The roles she would like to sing include a group of Rimsky Korsakov's operas - the title role in The Snow Maiden, Marfa in The Tsar's Bride and the Queen of Shemakha in The Golden Cockerel but these are operas which are rarely being performed nowadays. French roles which appeal include a pair of highly contrasted operatic heroines, Blanche in Poulenc's The Carmelites and the title role Massenet's Thais, another rarely performed opera.

Though she has performed Blonde in Mozart's Die Entfuhrung aus dem Serail, she would love to sing Konstanze. When I comment about the difficulty of the role, Ilona says that she is confident she could perform it if she put her mind to it. She adds that she feels she is a very responsible performer and never takes on a role unless she believes herself capable of it.

Olympia, Antonia, Giulietta, Stella

Ilona Domnich as Olympia - English Touring Opera - The Tales of Hoffmann - © Richard Hubert Smith
Ilona Domnich as Olympia - English Touring Opera
The Tales of Hoffmann - © Richard Hubert Smith
One of Ilona's most recent challenges was the four heroines in Offenbach's The Tales of Hoffmann for English Touring Opera, roles which require the soprano to go from coloratura to lyrical intensity. It was an experience that she really enjoyed, finding it a fantastic experience being able to explore the four  different characters. She even enjoyed being on tour as this gave her the scope to explore the extremes of the characters. It was a very busy, and in some ways challenging, production; certainly not one which left her to simply stand and sing. One of the biggest challenges was Olympia, being required to sing Olympia's aria  and manipulate a puppet. Ilona enjoyed the experience of pushing herself to the limit, exploring the thing not in the score. And she found working with the director, James Bonas, an inspiring experience.

A very different production of the work was that of Richard Jones at English National Opera where Ilona Domnich covered the soprano roles, and she found it fascinating working with Richard Jones. She also loved her time at ENO, and covered the role of Rosina in the Jonathan Miller production of Rossini's The Barber of Seville, when the role was sung by Lucy Crowe. And this time, Ilona did two performances in her own right, conducted by Jaime Martin.

During the forthcoming year she has less opera in prospect, but is doing lots of concerts as well as some more of her own projects. Following on from her CD, Surrender, she realised that she would like to continue with more of her own projects; not just CD's but a one woman show mixing opera with other styles This came about because musicians live so much of their lives by chance, with a lot of waiting. So Ilona made a list of all the things she would do if she had a choice, and she is lucky enough to have a wide circle of performer friends to whom she can offer projects.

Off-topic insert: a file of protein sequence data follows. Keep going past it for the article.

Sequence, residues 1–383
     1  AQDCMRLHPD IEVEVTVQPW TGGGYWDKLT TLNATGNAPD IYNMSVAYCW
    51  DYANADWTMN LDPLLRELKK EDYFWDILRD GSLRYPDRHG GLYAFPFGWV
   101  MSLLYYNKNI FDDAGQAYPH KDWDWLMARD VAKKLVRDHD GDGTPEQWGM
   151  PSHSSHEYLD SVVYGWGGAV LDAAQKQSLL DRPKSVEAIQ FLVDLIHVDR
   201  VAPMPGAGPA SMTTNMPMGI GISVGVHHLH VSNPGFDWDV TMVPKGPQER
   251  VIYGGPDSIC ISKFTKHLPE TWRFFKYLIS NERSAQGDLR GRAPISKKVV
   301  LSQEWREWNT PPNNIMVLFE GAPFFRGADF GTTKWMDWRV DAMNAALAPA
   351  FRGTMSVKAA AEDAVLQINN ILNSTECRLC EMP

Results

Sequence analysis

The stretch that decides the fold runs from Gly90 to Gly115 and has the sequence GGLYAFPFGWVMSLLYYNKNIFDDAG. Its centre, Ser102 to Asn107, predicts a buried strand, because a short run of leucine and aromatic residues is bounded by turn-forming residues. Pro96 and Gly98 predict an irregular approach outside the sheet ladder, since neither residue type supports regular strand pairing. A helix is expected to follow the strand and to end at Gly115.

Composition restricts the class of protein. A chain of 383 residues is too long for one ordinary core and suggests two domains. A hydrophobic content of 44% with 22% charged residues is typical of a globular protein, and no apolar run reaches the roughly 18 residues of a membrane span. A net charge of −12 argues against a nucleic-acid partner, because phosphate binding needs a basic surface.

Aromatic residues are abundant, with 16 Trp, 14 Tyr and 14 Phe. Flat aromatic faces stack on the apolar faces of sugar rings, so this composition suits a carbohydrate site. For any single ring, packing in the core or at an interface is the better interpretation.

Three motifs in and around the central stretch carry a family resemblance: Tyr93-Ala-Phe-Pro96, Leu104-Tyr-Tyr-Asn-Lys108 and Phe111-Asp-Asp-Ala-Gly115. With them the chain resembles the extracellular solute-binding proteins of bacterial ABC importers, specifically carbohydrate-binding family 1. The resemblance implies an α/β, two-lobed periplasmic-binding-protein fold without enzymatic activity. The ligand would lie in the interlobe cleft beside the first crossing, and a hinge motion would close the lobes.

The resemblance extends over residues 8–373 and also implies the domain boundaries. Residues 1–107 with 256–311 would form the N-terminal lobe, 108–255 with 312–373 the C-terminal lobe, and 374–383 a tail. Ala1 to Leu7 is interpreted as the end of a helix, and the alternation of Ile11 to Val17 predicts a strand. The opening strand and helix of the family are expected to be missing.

Though music will not stop wars, it influences minds and souls.

Further ahead she has another production of La Boheme to look forward to in 2017. But she feels there is now hurry and does not rush to find the next role. Instead she prefers to stay in the moment. Currently she has Canteloube's Songs of the Auvergne, Brahms Deutsches Requiem and songs with orchestra, and Poulenc's Gloria to look forward to. This latter work is being performed with Gounod's Messe Solonnelle in Notre Dame de Paris by the British Parliament Choir. This takes place before June 23 (!), but Ilona feels that the singers put their differences aside and that music connects everybody. She adds that though music will not stop wars, it influences minds and souls.

Not a shooting star, but a well rooted planet

Ilona Domnich as Hanna Glawari - The Merry Widow - Ryedale Festival Opera
Ilona Domnich as Hanna Glawari - The Merry Widow - Ryedale Festival Opera
The phrase enjoying the moment is one which Ilona uses a number of times, not just to refer to enjoying life but about performing too. She comments that as a singer you have to enjoy the moment and commit to a phrase as you perform it.

She has never won any competitions and was not one of those singers who was a star straight from college. Instead her journey was slow and thorough, but she gained insights along the way and achieved a certain maturity. She describes herself as not a shooting star but a well rooted planet.

The last few years have been very fruitful, and in addition to recording and performances she was on Woman's Hour taking about The Tales of Hoffmann and about her interest in forensic science, and was named in Opera magazine as one of the ten UK singers most likely to have an international career. And her performing success has not just been in the UK, there have been performances in Italy and Spain, with new contacts developed and new doors opening.

And she feels that there is so much repertoire to explore, and so much to learn. She feels that some people trot along in their careers, but she needs to change and to develop. As a singer she refers to herself as investigating the human soul; she loves digging into the depths of herself and though it is scary and difficult, once you do it it is so rewarding.

Ilona Domnich's calendar of events on her website, and her YouTube Channel.

Ilona Domnich on Planet Hugill

  • April 2015 - Puccini's La Boheme at English Touring Opera
  • November 2014 - Late Romantics - Ilona Domnich & Nigel Foster at the London Song Festival
  • July 2013 - Messager's Fortunio at Grange Park Opera
  • September 2012 - Tchaikovsky's Eugene Onegin at Grange Park Opera

Elsewhere on this blog: